Bronchopulmonary dysplasia (BPD) is a chronic lung condition that affects newborn babies who were either put on a breathing machine after birth or were born very early (prematurely).
BPD occurs in very ill infants who received high levels of oxygen for a long period. BPD can also occur in infants who were on a breathing machine (ventilator).
BPD is more common in infants born early (prematurely), whose lungs were not fully developed at birth.
Risk factors include:
- Congenital heart disease
- Prematurity, usually in infants born before 32 weeks gestation
- Severe respiratory or lung infection
Risk of severe BPD has decreased in recent years.
IN THE HOSPITAL
Infants who have breathing problems are often put on a ventilator. This is a breathing machine that sends pressure to the baby’s lungs to keep them inflated and to deliver more oxygen. As the baby’s lungs develop, the pressure and oxygen are slowly reduced. The baby is weaned from the ventilator. The baby may continue to get oxygen by a mask or nasal tube for several weeks or months.
Infants with BPD are usually fed by tubes inserted into the stomach (NG tube). These babies need extra calories due to the effort of breathing. To keep their lungs from filling with fluid, their fluid intake may need to be limited. And they may be given medicines that remove water from the body (diuretics). Other medicines can include corticosteroids, bronchodilators, and surfactant.
Parents of these infants need emotional support. This is because BPD takes time to get better and the infant may need to stay in the hospital for a long time.
Infants with BPD may need oxygen therapy for weeks to months after leaving the hospital. Follow your health care provider’s instructions to ensure your baby gets enough nutrition during recovery. Your baby may need tube feedings or special formulas.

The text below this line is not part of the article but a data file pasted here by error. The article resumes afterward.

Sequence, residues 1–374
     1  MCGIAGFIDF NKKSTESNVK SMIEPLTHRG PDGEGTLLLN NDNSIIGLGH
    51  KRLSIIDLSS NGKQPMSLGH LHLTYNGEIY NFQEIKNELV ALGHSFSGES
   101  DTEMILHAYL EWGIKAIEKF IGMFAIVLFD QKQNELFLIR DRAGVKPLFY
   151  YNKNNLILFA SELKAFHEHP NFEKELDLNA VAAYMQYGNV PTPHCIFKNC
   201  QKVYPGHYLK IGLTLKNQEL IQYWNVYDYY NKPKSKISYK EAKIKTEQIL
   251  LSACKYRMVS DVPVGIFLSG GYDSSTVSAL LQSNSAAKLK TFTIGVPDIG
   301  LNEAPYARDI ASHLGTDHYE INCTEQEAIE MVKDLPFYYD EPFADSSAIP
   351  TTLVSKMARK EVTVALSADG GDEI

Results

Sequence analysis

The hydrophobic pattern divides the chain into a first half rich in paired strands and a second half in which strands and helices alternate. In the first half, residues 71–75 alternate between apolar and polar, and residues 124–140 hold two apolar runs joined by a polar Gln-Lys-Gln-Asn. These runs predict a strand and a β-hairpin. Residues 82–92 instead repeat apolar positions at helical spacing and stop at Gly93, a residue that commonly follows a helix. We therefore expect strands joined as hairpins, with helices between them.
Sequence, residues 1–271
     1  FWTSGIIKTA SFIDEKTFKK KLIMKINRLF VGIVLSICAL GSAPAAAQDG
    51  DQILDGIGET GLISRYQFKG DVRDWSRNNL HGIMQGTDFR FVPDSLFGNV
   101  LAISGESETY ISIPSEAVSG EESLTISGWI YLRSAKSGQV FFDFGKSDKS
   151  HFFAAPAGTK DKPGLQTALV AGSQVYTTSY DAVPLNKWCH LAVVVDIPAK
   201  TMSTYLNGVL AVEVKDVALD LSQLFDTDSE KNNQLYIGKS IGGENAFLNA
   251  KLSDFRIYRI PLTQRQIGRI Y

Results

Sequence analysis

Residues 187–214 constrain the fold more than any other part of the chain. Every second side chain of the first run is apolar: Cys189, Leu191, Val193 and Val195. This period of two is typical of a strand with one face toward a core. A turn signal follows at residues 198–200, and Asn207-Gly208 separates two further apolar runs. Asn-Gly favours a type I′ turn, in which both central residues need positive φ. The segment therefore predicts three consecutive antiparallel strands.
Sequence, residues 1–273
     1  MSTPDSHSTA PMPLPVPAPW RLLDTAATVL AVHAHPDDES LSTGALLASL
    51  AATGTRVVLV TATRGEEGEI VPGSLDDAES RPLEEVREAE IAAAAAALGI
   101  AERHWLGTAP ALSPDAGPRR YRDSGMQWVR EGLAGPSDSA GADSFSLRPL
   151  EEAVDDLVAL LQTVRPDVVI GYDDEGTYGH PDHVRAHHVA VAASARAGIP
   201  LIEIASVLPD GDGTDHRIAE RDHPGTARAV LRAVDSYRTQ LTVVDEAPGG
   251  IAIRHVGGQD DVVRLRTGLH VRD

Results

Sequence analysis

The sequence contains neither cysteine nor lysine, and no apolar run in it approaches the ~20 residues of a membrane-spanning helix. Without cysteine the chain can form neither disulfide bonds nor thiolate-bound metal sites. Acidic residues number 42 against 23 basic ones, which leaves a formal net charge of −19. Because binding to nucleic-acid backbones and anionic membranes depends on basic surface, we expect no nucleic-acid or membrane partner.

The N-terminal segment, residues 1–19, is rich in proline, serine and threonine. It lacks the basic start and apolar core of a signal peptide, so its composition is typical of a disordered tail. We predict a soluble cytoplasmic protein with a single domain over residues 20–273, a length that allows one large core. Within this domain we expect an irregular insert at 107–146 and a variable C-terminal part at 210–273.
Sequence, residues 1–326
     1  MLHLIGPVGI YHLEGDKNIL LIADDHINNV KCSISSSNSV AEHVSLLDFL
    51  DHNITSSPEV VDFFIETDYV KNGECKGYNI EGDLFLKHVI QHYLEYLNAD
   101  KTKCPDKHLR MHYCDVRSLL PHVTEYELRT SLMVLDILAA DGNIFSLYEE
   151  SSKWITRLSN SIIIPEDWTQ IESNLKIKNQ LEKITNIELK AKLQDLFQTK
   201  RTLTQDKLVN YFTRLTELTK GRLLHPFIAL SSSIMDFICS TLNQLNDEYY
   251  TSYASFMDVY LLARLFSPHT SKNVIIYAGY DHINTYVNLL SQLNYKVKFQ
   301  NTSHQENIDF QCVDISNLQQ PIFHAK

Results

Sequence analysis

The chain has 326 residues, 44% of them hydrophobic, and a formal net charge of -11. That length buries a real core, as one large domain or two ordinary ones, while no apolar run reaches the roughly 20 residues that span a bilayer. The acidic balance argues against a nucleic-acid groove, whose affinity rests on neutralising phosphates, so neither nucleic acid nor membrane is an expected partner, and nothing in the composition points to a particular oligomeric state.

It is very important to prevent your baby from getting colds and other respiratory infections, such as respiratory syncytial virus (RSV). RSV can cause a severe lung infection, especially in a baby with BPD.
A simple way to help prevent RSV infection is to wash your hands often. Follow these measures:
- Wash your hands with warm water and soap before touching your baby. Tell others to wash their hands, too, before touching your baby.
- Ask others to avoid contact with your baby if they have a cold or fever, or ask them to wear a mask.
- Be aware that kissing your baby can spread RSV.
- Try to keep young children away from your baby. RSV is very common among young children and spreads easily from child-to-child.
- Do not smoke inside your house, car, or anywhere near your baby. Exposure to tobacco smoke increases the risk of RSV illness.
Parents of babies with BPD should avoid crowds during outbreaks of RSV. Outbreaks are often reported by local news media.
Your baby's health care provider may prescribe the medicine palivizumab (Synagis) to prevent RSV infection in your baby. Follow instructions on how to give your baby this medicine.
Babies with BPD get better slowly over time. Oxygen therapy may be needed for many months. Some infants have long-term lung damage and require oxygen and breathing support. Some infants with this condition might not survive.
When to Contact a Medical Professional
If your baby had BPD, watch for any breathing problems. Call your health care provider if you see any signs of a respiratory infection.
To help prevent BPD:
- Prevent premature delivery whenever possible. If you are pregnant or thinking about getting pregnant, get prenatal care to help keep you and your baby healthy.
- If your baby is on breathing support, ask the health care provider how soon your baby can be weaned (gradually removed) from the ventilator.
- Your baby may receive a substance called surfactant to help keep the baby's lungs open.
BPD; Chronic lung disease - children; CLD - children
Keller RL, Ballard RA. Bronchopulmonary dysplasia. In: Gleason CA, Devaskar SU, eds.Avery’s Diseases of the Newborn
Estrellado-Cruz WL, Beckerman RC. Control of ventilation and apnea. In: Goldsmith JP, Karotkin EH, eds.Assisted Ventilation of the Neonate
Update Date 5/30/2013
Updated by: Denis Hadjiliadis, MD, Assistant Professor of Medicine, Division of Pulmonary, Allergy and Critical Care, University of Pennsylvania, Philadelphia, PA. Also reviewed by David Zieve, MD, MHA, Bethanne Black, and the A.D.A.M. Editorial team.